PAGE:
7800 Sports Titles – Hat Trick, One on One, Realsports Baseball

I often dread writing these sports title posts for 80s consoles because more often than not, the games I am playing and writing about either never were or at least are not now, worth the time and effort to review. That may seem like a harsh assessment considering some of my favorite sports titles of all time (Punch Out, Tecmo Bowl, Baseball Stars, Blades of Steel) came from this era. The problem is, those are the exceptions, not the rule. The list of putrid sports games that can be found on the Atari 2600, Intellivision (which had some of the best to be honest), Vectrex, Sega Master System and early NES is long and forgettable. Now add the Atari 7800 to that list of consoles with some of their truly awful sports titles available. This post doesn’t even touch on probably the worst of the worst for the 7800, Touchdown Football, as that was a late addition to my collection this month.

Hat Trick is a port of a 2 on 2 arcade hockey game that had moderate success in the early 80s. Since I never played Hat Trick in the arcades, I can’t speak to it’s gameplay but I imagine it’s similar to what we see on the 7800. You control both a player and a goalie while outmaneuvering your opponent to score more goals than them in 2 quick minutes. Don’t think of Hat Trick like an ice hockey simulation game because it’s obviously not trying to be that. Think of Hat Trick as more of an NBA Jam on ice (maybe not a great analogy). The games are extremely short and it lends itself to short bursts of action, ideally with two human players in versus mode. As a one player game, Hat Trick offers nothing worth noting. In the easy mode, the opponent’s goalies will even move out of the way to allow pucks you shoot to get past them. In other words, the difficulty level is a joke. You have to play in the advanced mode to get any kind of challenge from the computer. Hat Trick is colorful but I really didn’t care for the controls or the gameplay. Blech.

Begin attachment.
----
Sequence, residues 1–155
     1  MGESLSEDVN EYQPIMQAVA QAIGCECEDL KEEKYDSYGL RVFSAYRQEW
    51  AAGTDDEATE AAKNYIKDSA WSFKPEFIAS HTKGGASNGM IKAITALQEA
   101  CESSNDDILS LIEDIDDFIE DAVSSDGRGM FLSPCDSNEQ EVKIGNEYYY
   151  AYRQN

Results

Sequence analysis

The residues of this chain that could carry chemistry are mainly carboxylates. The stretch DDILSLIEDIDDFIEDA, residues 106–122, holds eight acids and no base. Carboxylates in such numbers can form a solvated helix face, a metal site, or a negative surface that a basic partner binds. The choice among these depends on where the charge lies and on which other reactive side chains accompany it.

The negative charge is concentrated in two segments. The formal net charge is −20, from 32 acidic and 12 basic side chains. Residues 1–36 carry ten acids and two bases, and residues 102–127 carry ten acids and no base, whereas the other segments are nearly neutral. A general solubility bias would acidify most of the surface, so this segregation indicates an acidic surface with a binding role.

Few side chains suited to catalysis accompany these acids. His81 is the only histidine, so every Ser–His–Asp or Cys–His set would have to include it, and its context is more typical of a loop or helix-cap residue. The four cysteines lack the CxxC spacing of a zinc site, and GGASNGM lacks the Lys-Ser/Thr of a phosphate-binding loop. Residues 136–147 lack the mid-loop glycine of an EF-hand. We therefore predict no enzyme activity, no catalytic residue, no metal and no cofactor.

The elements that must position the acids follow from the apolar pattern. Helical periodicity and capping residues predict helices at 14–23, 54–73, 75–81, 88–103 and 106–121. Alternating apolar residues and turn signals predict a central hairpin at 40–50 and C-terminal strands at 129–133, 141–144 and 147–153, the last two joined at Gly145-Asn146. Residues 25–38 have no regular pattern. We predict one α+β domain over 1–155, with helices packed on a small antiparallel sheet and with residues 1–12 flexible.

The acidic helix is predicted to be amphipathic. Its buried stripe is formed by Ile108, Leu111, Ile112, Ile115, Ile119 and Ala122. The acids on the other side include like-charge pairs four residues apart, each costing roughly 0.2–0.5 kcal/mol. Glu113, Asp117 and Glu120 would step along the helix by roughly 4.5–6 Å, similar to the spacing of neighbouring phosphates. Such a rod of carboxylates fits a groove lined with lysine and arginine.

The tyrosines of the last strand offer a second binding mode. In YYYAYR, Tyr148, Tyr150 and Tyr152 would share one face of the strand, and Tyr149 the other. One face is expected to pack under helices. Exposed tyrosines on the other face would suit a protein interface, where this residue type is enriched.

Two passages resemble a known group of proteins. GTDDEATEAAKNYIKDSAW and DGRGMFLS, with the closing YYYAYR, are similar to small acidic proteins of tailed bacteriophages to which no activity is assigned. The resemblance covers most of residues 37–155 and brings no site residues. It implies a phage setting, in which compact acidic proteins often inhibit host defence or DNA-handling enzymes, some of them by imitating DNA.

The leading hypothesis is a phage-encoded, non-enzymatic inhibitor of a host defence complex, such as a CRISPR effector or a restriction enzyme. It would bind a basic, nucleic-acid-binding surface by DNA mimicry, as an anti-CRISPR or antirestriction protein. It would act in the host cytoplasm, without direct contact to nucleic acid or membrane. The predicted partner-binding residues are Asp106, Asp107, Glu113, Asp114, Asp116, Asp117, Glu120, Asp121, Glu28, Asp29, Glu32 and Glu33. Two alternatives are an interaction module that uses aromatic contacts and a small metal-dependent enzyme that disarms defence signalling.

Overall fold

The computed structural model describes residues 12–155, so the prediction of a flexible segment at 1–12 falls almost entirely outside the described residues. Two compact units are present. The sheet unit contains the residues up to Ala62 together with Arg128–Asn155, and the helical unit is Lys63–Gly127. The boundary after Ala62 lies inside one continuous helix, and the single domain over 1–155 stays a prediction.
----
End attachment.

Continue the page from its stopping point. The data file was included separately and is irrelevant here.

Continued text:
Realsports Baseball is another dud of a sports game, being an updated version of the popular 2600 & 5200 titles of the same name. The game looks ok but come on, this is supposed to compete with other baseball games on the Master System (which sucked) and NES (which were hit and miss)? I found the controls to be difficult to figure out, especially the pitching, without the manual at my disposal but I eventually got it. My biggest issue with the game is batting. I press the left controller button to swing when the ball is approaching the plate but by the time my batter actually swings his bat, the ball has already been in the catchers mitt for a full second. What?!?! So I try to adjust my swing timing to essentially press the button when the ball is 1/3 of the way to the plate, which is ridiculous. I tried playing a full 9 innings but I couldn’t stomach it.

Finally, One on One featuring 1980s NBA basketball icons Larry Bird and Julius Erving aka Dr. J is a decent if unspectacular game. Now this was a game I was familiar with prior to owning and playing it on the Atari 7800 thanks to the Apple IIe version my friend owned when I was a kid. One on One is exactly what you would assume it is, a one on one battle between two of the best basketball players of the decade. Your offensive and defensive moves are limited to the basics. Shooting jumpers, backing your opponent down and spin/fade away shots, 3 pointers, layups, slam dunks, block shots, steals and jump for rebounds. You have to get used to how slow the game can play, however. Early on I was jumping way too soon for rebounds and would already be back on the ground and could jump again since the ball seemed to be floating in the air after a missed shot. I do like how the backboard can break during a slam dunk and the janitor has to clean it up while he cusses you out. This was something I did not remember from playing the game 30 years ago but instantly came back to me once I saw it again. One on One has zero frills though. There is no fanfare or even any chance for you to catch your breath between quarters. A quarter ends and immediately the next quarter begins. Once the game if over, it’s over. There is no post game summary screen showing you stats such as shooting percentages or rebounds, steals, etc. The game is sorely missing some of these aspects as it seems very basic as a result. One on One has charm but not much else.

Currently in my collection:

Hat Trick – game, manual, box D- (probably a grade higher if playing two players)

One on One Basketball – game, manual C

Realsports Baseball – game only F

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